Aside from the dramatic improvements that were made to the Corvette’s appearance, the ‘56 model also marked another landmark change for not only Corvette, but for the design/styling staff of General Motors as a whole. The 1956 Corvette would be one of the last production cars to be designed before the styling staff was moved from Detroit to the new corporate Technical Center in Warren, Michigan
The new Corvette was now largely devoid of any styling gimmicks, though two obvious one remained: there were still two faux vent scoops atop the front fenders near the windshield and the car still continued to include the often-criticized wheel-knockoff hub covers (hubcaps).
These hub covers would remain a standard featured on the Corvette until the 1963 model year. Ironically, the hubcaps have become known as some of the best covers in automotive history.
Finally, the Corvette had begun to come into it’s own both stylistically and functionally. Gone forever were the awkward and disliked side curtains of the 1953-55 models, replaced forevermore by roll up glass windows.
Chevrolet even went so far as to offer automatic roll-up windows as an option (for an additional cost.) Outside door handles were also included in the redesigned door, allowing Corvette owners the ability to open the door without having to reach into the car to do so.
The car’s standard convertible top was improved upon, now providing a tighter fit that virtually eliminated leaks. It was also offered for the first time in beige and white in addition to the standard-issue black cloth top.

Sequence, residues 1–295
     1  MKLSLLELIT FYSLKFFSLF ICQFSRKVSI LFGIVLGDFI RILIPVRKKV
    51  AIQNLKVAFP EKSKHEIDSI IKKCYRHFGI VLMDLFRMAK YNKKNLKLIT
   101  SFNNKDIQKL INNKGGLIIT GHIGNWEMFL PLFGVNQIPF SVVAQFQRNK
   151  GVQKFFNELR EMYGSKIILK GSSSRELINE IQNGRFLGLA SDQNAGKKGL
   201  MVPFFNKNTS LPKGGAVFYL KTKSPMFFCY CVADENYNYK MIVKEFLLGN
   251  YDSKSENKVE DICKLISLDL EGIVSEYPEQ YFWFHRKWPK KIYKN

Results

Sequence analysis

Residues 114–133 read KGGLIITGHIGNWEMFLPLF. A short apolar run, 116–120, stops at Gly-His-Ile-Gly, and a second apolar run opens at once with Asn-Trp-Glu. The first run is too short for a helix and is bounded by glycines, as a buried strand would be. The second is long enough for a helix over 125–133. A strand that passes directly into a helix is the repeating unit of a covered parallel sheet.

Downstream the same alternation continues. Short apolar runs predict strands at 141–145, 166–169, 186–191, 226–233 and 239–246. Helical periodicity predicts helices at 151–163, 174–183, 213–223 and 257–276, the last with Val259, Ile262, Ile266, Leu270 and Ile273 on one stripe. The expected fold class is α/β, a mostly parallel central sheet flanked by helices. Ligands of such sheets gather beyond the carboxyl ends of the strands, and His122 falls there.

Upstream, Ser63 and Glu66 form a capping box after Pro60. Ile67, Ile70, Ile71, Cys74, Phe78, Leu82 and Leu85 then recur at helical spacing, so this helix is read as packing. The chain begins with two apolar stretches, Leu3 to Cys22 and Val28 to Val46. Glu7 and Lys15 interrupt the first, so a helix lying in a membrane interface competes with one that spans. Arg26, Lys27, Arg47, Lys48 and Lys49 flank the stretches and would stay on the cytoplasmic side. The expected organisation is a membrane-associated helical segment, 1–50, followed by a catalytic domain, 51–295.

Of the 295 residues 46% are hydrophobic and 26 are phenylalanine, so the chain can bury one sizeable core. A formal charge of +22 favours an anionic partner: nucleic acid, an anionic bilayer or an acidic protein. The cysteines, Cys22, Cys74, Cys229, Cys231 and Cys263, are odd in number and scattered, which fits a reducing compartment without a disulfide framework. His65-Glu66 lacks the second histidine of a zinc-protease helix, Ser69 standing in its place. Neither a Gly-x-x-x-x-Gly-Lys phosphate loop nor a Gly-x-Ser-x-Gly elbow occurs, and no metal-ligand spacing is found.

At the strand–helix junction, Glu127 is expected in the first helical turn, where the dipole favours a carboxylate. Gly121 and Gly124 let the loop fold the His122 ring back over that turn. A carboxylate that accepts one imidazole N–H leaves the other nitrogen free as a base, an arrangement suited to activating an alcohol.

A power-operated convertible top was offered for the first time as an option (at a cost of $170.60). While the top was technically only partially automatic – it required the operator to first unlatch and partially collapse the top before activating the fold button – it was still a remarkable improvement over the original convertible tops of the earlier models.
Better still was the optional hardtop that was originally modeled on the production-based prototype seen at the 1954 Autorama Show. This hardtop was also a factory option available to consumers for an additional $215.20 (although it could be swapped for the factory soft top at no additional charge). One of the greatest benefits of the optional hardtop was that it offered superior visibility when compared to the factory soft top.
Little changed on the interior of the car itself from the 1955 model. The car retained the existing “twin cowl” dashboard with it’s awkward, full-width instrument panel.
A new spring-stroke steering wheel was included in the interior re-design as well a new waffle-pattern upholstery and revised door panels to go with the wind-up windows.
The car’s heater was changed from a recirculating variety to a new “fresh air” version after the first 145 production cars were built.